In a similar presentation, Joel Agustin of the Philippines’ Globe Telecom, which is the country’s largest mobile network operator, noted that the AirPON solution allows the company to deliver residential broadband services, where it is estimated that the penetration rate remains near 20%. Some of the challenges that have hindered operators’ ability to deliver universal fixed broadband services in the Philippines include extremely long fiber spans, owing to an insufficient number of central office locations, particularly in suburban and rural areas, and extremely long times for civil works projects to be completed.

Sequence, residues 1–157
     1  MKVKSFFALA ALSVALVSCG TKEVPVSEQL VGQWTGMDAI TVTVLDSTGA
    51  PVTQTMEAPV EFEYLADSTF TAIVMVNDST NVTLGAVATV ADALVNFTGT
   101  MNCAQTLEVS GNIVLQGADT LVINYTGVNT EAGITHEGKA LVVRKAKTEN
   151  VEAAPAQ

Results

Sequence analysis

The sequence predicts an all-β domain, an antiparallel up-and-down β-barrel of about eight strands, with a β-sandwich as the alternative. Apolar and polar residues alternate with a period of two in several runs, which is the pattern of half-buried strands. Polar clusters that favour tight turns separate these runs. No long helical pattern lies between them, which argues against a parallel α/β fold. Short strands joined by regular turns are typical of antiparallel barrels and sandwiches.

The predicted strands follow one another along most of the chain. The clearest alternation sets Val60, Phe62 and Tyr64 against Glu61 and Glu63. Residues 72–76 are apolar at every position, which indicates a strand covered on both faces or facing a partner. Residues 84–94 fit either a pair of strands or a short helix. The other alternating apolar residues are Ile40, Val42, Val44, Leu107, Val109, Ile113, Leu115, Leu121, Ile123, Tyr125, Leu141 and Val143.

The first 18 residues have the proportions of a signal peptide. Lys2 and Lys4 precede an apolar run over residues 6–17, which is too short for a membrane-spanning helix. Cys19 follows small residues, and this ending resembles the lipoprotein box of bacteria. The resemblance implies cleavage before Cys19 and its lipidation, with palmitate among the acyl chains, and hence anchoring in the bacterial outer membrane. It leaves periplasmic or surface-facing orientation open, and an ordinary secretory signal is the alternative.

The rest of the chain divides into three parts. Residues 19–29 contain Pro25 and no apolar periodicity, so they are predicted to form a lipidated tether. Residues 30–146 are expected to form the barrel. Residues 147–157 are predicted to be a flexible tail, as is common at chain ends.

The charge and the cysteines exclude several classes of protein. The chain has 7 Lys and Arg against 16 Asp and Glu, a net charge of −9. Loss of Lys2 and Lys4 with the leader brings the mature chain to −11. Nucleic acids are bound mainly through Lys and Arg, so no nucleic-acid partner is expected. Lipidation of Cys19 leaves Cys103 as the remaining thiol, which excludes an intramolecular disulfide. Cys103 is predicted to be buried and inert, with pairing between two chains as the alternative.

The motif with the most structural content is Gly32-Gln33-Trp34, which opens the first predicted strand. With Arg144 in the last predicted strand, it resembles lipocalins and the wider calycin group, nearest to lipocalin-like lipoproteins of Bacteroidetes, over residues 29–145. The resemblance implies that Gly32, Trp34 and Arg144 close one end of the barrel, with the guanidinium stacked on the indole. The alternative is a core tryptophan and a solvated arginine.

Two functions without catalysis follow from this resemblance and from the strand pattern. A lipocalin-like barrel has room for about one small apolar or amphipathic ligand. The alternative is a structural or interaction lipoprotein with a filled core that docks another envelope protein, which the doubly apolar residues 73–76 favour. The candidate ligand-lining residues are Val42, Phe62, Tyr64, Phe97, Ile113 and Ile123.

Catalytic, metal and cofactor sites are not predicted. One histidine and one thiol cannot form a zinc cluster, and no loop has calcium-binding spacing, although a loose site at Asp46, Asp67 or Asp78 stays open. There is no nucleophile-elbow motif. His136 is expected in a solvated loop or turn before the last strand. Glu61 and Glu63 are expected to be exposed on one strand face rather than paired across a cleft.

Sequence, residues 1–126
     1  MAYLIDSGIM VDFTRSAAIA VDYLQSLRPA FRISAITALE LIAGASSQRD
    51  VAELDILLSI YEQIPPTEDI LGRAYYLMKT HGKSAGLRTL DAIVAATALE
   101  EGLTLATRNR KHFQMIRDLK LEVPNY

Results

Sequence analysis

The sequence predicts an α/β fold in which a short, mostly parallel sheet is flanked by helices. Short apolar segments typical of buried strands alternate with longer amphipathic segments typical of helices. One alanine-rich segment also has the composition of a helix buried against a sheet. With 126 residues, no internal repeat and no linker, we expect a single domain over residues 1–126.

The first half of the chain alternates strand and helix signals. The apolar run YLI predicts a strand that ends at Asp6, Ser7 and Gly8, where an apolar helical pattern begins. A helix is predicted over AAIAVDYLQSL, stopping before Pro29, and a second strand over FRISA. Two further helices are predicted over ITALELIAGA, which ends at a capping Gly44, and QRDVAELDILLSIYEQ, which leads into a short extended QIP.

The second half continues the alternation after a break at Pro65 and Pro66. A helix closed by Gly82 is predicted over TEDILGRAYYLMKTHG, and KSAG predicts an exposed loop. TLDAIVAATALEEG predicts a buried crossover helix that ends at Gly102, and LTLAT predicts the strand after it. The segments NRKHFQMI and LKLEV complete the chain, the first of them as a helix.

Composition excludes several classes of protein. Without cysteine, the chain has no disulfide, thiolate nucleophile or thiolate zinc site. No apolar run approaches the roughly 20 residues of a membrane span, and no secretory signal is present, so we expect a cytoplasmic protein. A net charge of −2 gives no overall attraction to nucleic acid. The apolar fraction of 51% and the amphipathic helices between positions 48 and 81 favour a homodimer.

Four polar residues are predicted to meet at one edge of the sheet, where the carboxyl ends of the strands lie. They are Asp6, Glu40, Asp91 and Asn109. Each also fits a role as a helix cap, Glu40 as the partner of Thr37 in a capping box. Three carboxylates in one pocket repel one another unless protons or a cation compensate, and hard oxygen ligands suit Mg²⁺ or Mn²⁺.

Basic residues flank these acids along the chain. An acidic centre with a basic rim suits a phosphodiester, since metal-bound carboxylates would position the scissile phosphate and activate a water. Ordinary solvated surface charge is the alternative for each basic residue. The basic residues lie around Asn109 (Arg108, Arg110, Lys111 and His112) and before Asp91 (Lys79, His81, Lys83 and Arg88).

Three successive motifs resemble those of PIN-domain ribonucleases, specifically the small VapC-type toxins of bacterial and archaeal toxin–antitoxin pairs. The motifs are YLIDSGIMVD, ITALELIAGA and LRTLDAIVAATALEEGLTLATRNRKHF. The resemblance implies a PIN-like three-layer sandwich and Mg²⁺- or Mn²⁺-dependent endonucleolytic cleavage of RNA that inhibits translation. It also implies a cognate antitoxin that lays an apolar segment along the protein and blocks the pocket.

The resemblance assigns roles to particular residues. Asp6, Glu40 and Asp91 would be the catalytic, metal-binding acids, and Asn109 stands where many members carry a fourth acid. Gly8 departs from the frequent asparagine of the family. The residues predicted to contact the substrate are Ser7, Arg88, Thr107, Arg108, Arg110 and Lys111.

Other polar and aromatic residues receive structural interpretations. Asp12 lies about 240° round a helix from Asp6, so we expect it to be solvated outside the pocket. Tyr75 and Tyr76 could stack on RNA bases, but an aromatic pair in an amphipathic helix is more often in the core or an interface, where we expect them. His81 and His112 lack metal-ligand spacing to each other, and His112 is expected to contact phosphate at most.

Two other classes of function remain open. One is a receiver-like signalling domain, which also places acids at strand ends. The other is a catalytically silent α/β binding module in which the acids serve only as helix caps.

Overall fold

The historically long lead times to complete fiber deployment projects pushed Globe to consider using its existing base station locations as distributed central offices where they could co-locate the AirPON OLTs to reduce the time and cost required to roll out FTTH services. In the Philippines, the typical ODN distance for a CO-based OLT was 7km. By moving to a more distributed architecture using the AirPON solution, Globe was able to increase the number of distributed OLTs and reduce the ODN distance to 1-2km. The reduction in the distance reduces the total fiber infrastructure while also making it easier to secure right-of-way access to add in additional fiber strands to the individual OLT locations. Finally, the approvals and construction process is reduced significantly because Globe doesn’t need to set up additional cabinets to deploy the OLT. Instead, the blade OLT can be placed on the existing rooftop site, taking advantage of existing power supplies and optical backhaul cables.